76. Toomey L, Dellicour S, Vanina T, et al. Getting off the right foot: integration of spatial distribution of genetic variability for aquaculture development and regulations, the European perch case. Aquaculture. 2020;521:734981.

    Article  Google Scholar 

  77. Zhang Z, Schwartz S, Wagner L, et al. A greedy algorithm for aligning DNA sequences. J Comput Biol. 2000;7(1–2):203–14.

    Article  CAS  Google Scholar 

  78. Katoh K, Rozewicki J, Yamada KD. MAFFT online service: multiple sequence alignment, interactive sequence choice and visualization. Brief Bioinform. 2019;20(4):1160–6.

    Article  CAS  PubMed  Google Scholar 

  79. Maddison WP, Maddison DR. Mesquite: a modular system for evolutionary analysis. 2001.

  80. Nesbø CL, Arab MO, Jakobsen KS. Heteroplasmy, length and sequence variation in the mtDNA control regions of three percid fish species (Perca fluviatilis, Acerina cernua, Stizostedion lucioperca). Genetics. 1998;148(4):1907–19.

    Article  PubMed  PubMed Central  Google Scholar 

  81. Excoffier L, Smouse PE, Quattro JM. Analysis of molecular variance inferred from metric distances among DNA haplotypes: application to human mitochondrial DNA restriction data. Genetics. 1992;131(2):479–91.

    Article  CAS  PubMed  PubMed Central  Google Scholar 

  82. Dellicour S, Mardulyn P. SPADS 1.0: a toolbox to perform spatial analyses on DNA sequence data sets. Mol Ecol Resour. 2014;14(3):647–51.

    Article  PubMed  Google Scholar 

  83. Fick SE, Hijmans RJ. WorldClim 2: new 1-km spatial resolution climate surfaces for global land areas. Int J Climatol. 2017;37(12):4302–15.

    Article  Google Scholar 

  84. Oksanen FJ, Blanchet G, Kindt R, et al. Vegan: Community Ecology Package. 2011. (Tertiary Vegan: Community Ecology Package).

  85. Venables W, Ripley B. Modern applied statistics with S. 4th ed. New York: Springer; 2002.

    Book  Google Scholar 

  86. Kassambara A, Mundt F. factoextra: Extract and visualize the results of multivariate data analyses. 2017.

  87. Vincenty T. Direct and inverse solutions of geodesics on the ellipsoid with application of nested equations. Surv Rev. 1975;23(176):88–93.

    Article  Google Scholar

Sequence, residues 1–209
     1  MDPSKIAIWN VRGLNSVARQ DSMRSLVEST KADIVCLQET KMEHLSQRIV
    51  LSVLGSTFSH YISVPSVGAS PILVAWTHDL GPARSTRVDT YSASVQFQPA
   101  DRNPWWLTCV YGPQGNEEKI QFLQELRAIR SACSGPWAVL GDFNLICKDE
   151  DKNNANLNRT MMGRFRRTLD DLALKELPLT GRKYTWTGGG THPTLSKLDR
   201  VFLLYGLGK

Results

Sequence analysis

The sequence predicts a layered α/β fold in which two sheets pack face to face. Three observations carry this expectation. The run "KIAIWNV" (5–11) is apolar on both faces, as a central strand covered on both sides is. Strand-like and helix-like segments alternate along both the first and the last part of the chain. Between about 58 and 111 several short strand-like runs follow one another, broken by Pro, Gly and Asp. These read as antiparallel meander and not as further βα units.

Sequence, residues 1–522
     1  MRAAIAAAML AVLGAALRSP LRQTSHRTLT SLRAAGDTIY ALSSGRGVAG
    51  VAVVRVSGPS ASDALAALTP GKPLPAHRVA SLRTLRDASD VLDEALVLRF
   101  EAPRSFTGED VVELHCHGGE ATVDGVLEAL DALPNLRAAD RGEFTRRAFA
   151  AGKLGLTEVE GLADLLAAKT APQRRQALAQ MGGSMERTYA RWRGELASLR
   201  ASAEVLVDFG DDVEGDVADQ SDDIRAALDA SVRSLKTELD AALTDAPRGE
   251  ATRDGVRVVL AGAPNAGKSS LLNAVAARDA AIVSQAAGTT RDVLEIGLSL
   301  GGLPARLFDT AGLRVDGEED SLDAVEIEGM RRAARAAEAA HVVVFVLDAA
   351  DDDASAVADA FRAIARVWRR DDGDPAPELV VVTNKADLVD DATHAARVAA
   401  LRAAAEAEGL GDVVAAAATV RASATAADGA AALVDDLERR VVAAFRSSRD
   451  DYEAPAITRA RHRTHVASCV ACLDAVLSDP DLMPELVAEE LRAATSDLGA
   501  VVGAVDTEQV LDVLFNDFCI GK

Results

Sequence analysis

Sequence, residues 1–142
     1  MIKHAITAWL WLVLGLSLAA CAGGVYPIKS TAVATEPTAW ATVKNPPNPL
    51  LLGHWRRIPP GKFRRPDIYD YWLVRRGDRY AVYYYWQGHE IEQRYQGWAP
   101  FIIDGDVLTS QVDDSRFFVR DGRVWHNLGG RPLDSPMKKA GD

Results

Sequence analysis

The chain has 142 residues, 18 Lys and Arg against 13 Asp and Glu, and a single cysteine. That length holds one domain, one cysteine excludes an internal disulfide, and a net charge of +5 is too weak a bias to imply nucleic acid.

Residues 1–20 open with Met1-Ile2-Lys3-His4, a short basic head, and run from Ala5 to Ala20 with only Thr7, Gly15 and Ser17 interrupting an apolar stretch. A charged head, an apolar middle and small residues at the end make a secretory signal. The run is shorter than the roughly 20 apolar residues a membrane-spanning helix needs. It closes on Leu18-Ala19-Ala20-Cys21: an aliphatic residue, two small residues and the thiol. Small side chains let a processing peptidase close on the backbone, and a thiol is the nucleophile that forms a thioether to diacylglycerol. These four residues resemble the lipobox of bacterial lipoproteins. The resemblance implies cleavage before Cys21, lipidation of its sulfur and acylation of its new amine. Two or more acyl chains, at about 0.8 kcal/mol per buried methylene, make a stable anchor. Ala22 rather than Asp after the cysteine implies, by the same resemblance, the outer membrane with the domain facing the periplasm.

88. Hijmans RJ. geosphere: Spherical Trigonometry. R package version 1.5–10. 2019.

  89. Shah VB, Mcrae B. Circuitscape: A Tool for Landscape Ecology. In: Varoquaux G, Vaught T, Millman J, editors. Proceedings of the 7th Python in Science Conference. 2008. p. 62–6.

  90. Vogt J, Soille P, De Jager A, et al. A pan-European River and Catchment Database. OPOCE. 2007.

  91. Lehner B, Verdin K, Jarvis A. New global hydrography derived from spaceborne elevation data. Eos, Trans Am Geophys Union. 2008;89(10):93.

    Article  Google Scholar 

  92. Gastwirth JL, Gel YR, Hui W, et al. Lawstat - Tools for Biostatistics, Public Policy, and Law. 2015.

  93. Kuznetsova A, Brockhoff PB, Christensen RHB. lmerTest package: tests in linear mixed effects models. J Stat Softw. 2017;82(13):1–26.

    Article  Google Scholar 

  94. Spiess A-N. qpcR: Modelling and Analysis of Real-Time PCR Data. R Package version 14-1. 2018.

  95. Lenth R. emmeans: Estimated Marginal Means, aka Least-Squares Means. R Package version 1351. 2019.

  96. Pohlert T. PMCMR: Calculate Pairwise Multiple Comparisons of Mean Rank Sums. 2014.

  97. Goslee SC, Urban DL. The ecodist package for dissimilarity-based analysis of ecological data. J Stat Softw. 2007;22(7):1–19.

    Article  Google Scholar 

  98. Nimon K, Lewis M, Kane R, et al. An R package to compute commonality coefficients in the multiple regression case: an introduction to the package and a practical example. Behav Res Methods. 2008;40(2):457–66.

    Article  PubMed  Google Scholar 

  99. Prunier JG, Colyn M, Legendre X, et al. Multicollinearity in spatial genetics: separating the wheat from the chaff using commonality analyses. Mol Ecol. 2015;24(2):263–83.

    Article  CAS  PubMed  Google Scholar 

  100. Dellicour S, Gerard M, Prunier JG, et al. Distribution and predictors of wing shape and size variability in three sister species of solitary bees. PLoS ONE. 2017;12(3):e0173109.

    Article  PubMed  PubMed Central  Google Scholar